Listen to the Recess! Clip
|Author||John Cech (read by Fiona Barnes)|
Women’s History Month on the Internet Transcript
Happily, there are dozens of web sites that honor the many roles that women have played in the course of human history — as warrior queens and scientists, artists and business leaders, as teachers and politicians, writers and diplomats.
One of the most comprehensive places that you can use to begin your own and your children’s journey this month is the “Women Who Shaped History” website at Embracing the Child “dot” com. The mission of this site is to provide “literature for Learning and Shared Reading,” and in keeping with this purpose, it begins with an annotated list of books for children, teenagers, and young adults that would be especially appropriate reading for this month — from picture books to historical novels and works of non-fiction, like Herstory: Women Who Changed the World by Ruth Ashby and Deborah Gore Ohrn. This book offers over a hundred short biographies of both famous and undeservedly obscure women who made significant contributions to world history. The site also contains its own series of biographical sketches, which includes , for example, an account of Judith Leyster, the seventeenth Century Dutch painter who held her own among the famous “brotherhood” of Old Masters.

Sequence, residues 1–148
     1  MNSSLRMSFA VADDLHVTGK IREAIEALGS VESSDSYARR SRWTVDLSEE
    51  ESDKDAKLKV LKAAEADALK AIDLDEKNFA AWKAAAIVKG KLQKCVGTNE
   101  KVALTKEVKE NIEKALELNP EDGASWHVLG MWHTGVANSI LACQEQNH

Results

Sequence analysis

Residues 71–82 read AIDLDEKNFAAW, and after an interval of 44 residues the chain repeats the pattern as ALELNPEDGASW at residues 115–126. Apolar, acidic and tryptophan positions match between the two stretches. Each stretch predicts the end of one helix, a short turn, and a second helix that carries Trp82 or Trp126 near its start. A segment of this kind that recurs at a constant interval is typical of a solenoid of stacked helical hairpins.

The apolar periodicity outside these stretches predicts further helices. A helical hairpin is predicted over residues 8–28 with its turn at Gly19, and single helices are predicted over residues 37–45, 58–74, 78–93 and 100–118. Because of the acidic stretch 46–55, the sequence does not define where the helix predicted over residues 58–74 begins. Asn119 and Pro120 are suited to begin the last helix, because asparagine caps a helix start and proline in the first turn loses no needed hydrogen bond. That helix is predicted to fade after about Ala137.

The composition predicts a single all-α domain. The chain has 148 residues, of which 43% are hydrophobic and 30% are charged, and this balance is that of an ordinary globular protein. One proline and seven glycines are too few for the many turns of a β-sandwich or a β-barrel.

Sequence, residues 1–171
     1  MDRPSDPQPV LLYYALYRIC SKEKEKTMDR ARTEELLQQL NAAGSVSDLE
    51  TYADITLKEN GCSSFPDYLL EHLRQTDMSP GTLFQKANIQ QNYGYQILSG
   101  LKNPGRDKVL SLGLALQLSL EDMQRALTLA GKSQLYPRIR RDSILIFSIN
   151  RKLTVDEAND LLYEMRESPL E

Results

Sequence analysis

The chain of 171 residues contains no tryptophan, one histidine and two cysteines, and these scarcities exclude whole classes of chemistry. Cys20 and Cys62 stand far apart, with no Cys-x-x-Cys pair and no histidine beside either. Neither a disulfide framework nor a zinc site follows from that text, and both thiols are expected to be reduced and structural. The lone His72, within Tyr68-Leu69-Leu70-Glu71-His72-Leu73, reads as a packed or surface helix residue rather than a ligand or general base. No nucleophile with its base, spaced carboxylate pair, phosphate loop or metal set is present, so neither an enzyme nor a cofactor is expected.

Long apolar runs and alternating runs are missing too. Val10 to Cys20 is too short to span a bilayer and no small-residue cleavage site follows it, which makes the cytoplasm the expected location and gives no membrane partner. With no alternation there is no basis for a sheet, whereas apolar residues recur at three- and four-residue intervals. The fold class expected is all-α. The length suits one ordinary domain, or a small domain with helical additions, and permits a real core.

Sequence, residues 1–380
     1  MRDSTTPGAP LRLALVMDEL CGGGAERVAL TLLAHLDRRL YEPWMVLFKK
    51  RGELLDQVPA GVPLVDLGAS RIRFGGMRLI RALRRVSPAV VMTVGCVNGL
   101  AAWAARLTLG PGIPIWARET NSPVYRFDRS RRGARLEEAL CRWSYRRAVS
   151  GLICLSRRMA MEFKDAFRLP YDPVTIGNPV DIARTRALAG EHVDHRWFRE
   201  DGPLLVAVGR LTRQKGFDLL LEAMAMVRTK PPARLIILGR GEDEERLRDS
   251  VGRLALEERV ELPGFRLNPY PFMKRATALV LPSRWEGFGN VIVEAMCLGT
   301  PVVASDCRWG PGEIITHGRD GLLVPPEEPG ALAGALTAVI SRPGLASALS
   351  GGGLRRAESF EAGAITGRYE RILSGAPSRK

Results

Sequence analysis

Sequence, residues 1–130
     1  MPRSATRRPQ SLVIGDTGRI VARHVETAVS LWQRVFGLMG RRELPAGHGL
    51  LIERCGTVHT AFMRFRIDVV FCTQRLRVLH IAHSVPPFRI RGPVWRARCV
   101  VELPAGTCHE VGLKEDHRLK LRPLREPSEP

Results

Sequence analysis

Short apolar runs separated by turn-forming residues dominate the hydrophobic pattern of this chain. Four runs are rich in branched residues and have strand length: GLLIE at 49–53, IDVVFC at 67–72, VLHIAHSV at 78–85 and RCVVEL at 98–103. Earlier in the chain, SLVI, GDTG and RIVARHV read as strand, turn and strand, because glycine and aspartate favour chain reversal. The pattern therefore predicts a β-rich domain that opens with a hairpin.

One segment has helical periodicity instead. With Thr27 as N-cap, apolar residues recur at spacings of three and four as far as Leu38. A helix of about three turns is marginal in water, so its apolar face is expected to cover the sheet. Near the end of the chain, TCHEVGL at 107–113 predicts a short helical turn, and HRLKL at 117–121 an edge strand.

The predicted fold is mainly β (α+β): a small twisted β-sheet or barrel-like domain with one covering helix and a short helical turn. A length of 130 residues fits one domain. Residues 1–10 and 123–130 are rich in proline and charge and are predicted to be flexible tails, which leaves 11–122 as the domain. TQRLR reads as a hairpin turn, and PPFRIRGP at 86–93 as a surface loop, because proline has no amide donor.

If you are looking for sites that are directed at children, you might want to stop by timeforkids.com, with its basic introduction to the month and its timeline of women’s achievements in America from the 1800’s to the present. Or take a look at the Learning Network’s website, Familyeducation.com, that also provides a chronology of landmarks in women’s history, as well as a number of quizzes that you can take to test your Women’s History I.Q. with questions like: “The brilliant negotiations of our United Nations delegate won adoption of the Universal Declaration of Human Rights in 1948 against tremendous odds. Who was this diplomat and “First Lady of the World”?”
And be sure to stop by the Women’s History Month site sponsored by the National Women’s History Project. It, too, is brimming over with information and ideas to bring alive — in your home or your classroom — the theme of this year’s celebration: Women Sustaining the American Spirit.